CSE Introduction and Theoretical Framework
This learning unit aims to develop students’ understanding of the conception, practices, and criticisms of corporate social entrepreneurship (CSE). Focusing on the wider political, economic, and developmental context in which CSE has emerged and is practiced. It will focus on the origins of CSE from Corporate Social Responsibility including philanthropy, enterprise and profit, social enterprise, and social entrepreneurship.
Distinctive Characteristics of CSE – Practical Requirements for the Corporate
This learning unit take a practical approach focusing on elaborating the distinctive characteristics of CSE and the practical requirements for the corporate to engage in Corporate Social Entrepreneurship.
Intermediate Corporate Social Entrepreneurship: from CSR to CSE

Corporate Social Responsibility Benefits of Practical Application

Learning Outcomes:

–  Gain an understanding of the range of benefits that accrue from the application of CSR in a business setting

A strategic approach to CSR is crucial to an organisation’s success. CSR can bring various benefits in terms of risk management, cost savings, access to capital, enhanced brand reputation, customer and employee relationships, and innovation capacity. CSR encourages more social and environmental responsibility from the corporate sector at a time when the crisis has damaged consumer confidence and the levels of trust in businesses have dipped.  Those companies who are socially responsible can improve their brand reputation, attract more customers, and increase stakeholder engagement and value. Promoting CSR has the potential to enhance organizational performance and reach strategic goals in the digital age.

Why CSR is Important

There are many reasons for a company to engage in CSR practices. 

1. Brand Reputation.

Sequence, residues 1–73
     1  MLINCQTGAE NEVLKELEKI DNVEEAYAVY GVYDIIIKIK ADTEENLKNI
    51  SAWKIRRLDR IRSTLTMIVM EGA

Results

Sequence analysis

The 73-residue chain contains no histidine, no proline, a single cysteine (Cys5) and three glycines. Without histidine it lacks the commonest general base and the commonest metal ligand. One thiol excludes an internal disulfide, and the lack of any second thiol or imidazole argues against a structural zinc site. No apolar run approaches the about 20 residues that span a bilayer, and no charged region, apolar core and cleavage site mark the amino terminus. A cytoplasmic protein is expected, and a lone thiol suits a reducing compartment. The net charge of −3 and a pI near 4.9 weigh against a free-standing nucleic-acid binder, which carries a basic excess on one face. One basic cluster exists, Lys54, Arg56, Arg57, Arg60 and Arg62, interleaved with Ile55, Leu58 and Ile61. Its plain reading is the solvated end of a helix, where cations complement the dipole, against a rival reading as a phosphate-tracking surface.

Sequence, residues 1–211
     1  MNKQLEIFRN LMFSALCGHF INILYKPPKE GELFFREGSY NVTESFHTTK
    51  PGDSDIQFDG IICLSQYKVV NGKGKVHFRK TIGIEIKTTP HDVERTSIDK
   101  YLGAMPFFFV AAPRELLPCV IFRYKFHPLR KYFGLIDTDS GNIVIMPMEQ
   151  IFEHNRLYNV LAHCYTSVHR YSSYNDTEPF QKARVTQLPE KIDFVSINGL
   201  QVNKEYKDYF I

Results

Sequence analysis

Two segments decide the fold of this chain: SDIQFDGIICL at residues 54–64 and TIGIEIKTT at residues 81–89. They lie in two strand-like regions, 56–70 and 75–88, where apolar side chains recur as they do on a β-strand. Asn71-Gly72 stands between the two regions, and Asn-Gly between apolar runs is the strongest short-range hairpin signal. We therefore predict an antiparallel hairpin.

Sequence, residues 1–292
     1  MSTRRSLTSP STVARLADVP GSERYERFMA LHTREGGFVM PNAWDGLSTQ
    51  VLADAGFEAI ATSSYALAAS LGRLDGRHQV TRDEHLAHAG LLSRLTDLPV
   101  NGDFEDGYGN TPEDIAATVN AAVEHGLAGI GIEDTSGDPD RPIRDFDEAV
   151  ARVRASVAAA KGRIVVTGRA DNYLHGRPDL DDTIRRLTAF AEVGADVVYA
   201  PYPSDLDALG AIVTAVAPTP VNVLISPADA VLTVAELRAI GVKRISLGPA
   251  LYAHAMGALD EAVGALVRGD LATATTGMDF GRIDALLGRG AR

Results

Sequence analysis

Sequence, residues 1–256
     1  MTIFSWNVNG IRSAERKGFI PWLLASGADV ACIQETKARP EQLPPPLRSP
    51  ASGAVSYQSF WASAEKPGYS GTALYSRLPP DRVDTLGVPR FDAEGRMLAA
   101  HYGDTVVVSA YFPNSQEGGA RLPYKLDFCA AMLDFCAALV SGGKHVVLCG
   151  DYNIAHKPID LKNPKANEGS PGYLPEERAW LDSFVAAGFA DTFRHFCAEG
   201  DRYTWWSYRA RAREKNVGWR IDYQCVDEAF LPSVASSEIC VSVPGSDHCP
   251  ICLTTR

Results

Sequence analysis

It’s increasingly important for companies to have a socially conscious image. Consumers, employees, and stakeholders prioritize CSR when choosing a brand or company, and they hold corporations accountable for their impact on social change through their beliefs, practices, and profits. 

What clients and the public think of your company is critical to its success, By building a positive image that you believe in, you can make a name for your company as being socially conscious.

To stand out among the competition, your company needs to prove to the  that it is a force for good. Therefore advocating and raising awareness for socially important causes is an excellent way to increase brand value. 

In addition sustainable development could help a business financially. For example, using less packaging and less energy can reduce production costs

Key takeaway: CSR practices play a crucial role in attracting new customers, whose purchasing decisions are strongly influenced by the company’s values, reputation, and social and environmental activism.

2. CSR Attracts and Retains Employees.

Having a CSR and sustainability strategy is a big factor in where today’s top talent chooses to work. Employees is seeking employers who are focused on the triple bottom line: people, planet and revenue. Companies are encouraged to put increased profit into programs that give back to society.

According to Deloitte’s 2021 Millennial and Gen Z Survey, the modern workforce prioritizes culture, diversity, and high impact over financial benefits. An estimated 44% of millennials and 49% of Gen Zers rely on their personal ethics in determining the type of work and companies they’d join.

Employees that share the company’s values and can relate to its CSR initiatives are much more likely to stay. Deloitte’s 2020 Global Marketing Trends Report shows that purpose-driven companies retain talent up to 40% more than their competitors.

3. CSR increases the Appeal of an Organisation to Investors.

A developed CSR program and initiatives is appealing to both current and future investors. CECP’s influential 2021 Giving in Numbers report shows that investors play a growing role as key stakeholders in corporate social responsibility. Almost 80% of surveyed businesses were open to providing them with data and considering their perspectives on sustainability. Investors are holding businesses accountable when it comes to social responsibility. 

CSR aligns with environmental, social, and governance (ESG) metrics that help external analysts quantify the company’s social efforts, and becomes a key factor for investors’ consideration and continued interest.

Exercise Files
CSE Intermediate Exercise – Module 1 Lesson 9.pdf
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